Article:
NextEra Energy provides all those advantages plus exposure to the fast-growing and highly sought-after alternative energy market. It is the world’s largest utility, a monster with about $16 billion in annual revenue and a $164 billion market capitalization.
For the last 10-, five-, and three-year periods, NEE has not only vastly outperformed the Utility Index, it has also blown away the returns of the overall market. How can that be? It’s because it isn’t a regular utility.
NEE is two companies in one. It owns Florida Power and Light Company, which is one of the very best regulated utilities in the country, accounting for about 55% of revenues. It also owns NextEra Energy Resources, the world’s largest generator of renewable energy from wind and solar and a world leader in battery storage. It accounts for about 45% of earnings and provides a higher level of growth.
Investors love it because they get the safety and income of a utility and still get great growth and capital appreciation. It’s the best of both worlds.
From 2004 through 2019 the company grew earnings by an average annual rate of 8.4% and grew the dividend at an average rate of 9.4% per year. That propelled the market returns stated above. The company is targeting at least 10% annual dividend growth through at least 2024. And NextEra has a long track record of meeting or exceeding goals.
With NEE you get a solid defense utility that can weather a recession with solid returns. At the same time, it operates in a friendly regulatory environment and should easily be able to pass on higher costs to customers in an inflationary environment. You also get the growth of clean energy and the desirability as a conservative play on the trend.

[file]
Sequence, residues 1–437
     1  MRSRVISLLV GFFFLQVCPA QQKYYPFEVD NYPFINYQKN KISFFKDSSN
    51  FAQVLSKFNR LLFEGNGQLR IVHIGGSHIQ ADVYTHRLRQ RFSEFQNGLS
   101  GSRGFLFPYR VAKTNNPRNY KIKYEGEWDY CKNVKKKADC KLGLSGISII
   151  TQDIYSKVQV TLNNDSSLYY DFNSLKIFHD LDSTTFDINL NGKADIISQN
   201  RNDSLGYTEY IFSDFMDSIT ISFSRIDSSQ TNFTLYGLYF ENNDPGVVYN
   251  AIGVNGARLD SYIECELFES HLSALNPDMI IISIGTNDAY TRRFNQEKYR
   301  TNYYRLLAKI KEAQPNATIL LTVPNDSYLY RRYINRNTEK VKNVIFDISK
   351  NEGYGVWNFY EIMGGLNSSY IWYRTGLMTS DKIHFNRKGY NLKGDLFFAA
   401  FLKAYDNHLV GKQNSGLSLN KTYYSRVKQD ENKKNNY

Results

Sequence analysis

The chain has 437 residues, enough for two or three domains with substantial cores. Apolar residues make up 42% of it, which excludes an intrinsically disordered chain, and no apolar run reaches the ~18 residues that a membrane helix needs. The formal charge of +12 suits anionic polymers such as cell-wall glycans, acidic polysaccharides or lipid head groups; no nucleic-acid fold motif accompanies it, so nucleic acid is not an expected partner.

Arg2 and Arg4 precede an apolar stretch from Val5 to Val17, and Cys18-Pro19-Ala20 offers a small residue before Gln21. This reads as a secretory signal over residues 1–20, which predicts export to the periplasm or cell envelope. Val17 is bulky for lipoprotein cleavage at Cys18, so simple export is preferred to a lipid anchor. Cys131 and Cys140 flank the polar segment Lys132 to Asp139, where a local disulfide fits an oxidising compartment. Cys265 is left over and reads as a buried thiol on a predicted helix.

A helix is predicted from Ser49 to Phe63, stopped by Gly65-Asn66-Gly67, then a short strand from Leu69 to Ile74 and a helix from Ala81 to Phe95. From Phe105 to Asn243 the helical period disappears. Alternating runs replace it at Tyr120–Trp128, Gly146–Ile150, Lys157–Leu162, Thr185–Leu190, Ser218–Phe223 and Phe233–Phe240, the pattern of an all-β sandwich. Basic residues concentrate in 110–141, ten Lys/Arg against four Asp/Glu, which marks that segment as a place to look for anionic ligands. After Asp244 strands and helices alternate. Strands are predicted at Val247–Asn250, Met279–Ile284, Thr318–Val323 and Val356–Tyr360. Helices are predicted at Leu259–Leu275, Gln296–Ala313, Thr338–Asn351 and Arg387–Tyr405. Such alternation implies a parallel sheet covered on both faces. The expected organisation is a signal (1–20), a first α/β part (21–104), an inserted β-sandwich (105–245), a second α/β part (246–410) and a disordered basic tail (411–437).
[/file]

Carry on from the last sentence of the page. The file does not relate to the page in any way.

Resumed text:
Safe Dividend Stock #2: AbbVie (ABBV)
Investors rediscover the defensive attributes of healthcare stocks in times like this. That’s why healthcare is the second-best-performing sector over the last three months. Healthcare will continue to thrive regardless of the state of the economy.
AbbVie is a cutting-edge company specializing in small-molecule drugs. It has grown into the eighth-largest pharmaceutical company in the world, primarily on the strength of its blockbuster biologic autoimmune drug Humira, which is the world’s number one drug by far with annual sales of about $19 billion.
The stock floundered for a while on fears of Humira losing its American patent in 2023. But investors have since realized that the strength in AbbVie’s pipeline and growing newer drugs on the market can overcome the loss in revenue.
AbbVie has what EvaluatePharma (the keeper of the keys of the industry’s pipeline potential) recently called the second best pipeline in all of pharma, with many more drug launches in the next few years. And Humira isn’t likely to disappear. It’s still estimated to be one of the world’s top-selling drugs until at least the middle of this decade.
To further diversify away from dependence on Humira, AbbVie purchased Ireland-based Allergan (AGN) for $63 billion. The company is about half the size of AbbVie and features blockbuster facial treatment drug Botox. The acquisition diversifies the company away from Humira in the near term while the stellar pipeline gains traction.
This is one of the best and most advanced drug companies in the world with the enormous tailwind of the rapidly aging population. The longer-term prognosis is fantastic as the company is effectively addressing the near-term issues.
Despite the fact that ABBV has returned more than 19% YTD in a tough market and 39% over the last year, the stock still sells at a valuation of just 14 times forward earnings.